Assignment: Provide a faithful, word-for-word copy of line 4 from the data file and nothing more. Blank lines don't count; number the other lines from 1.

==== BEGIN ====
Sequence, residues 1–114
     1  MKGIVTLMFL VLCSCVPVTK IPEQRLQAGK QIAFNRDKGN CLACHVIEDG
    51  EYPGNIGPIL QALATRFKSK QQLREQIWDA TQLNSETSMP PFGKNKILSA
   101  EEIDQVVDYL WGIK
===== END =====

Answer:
   101  EEIDQVVDYL WGIK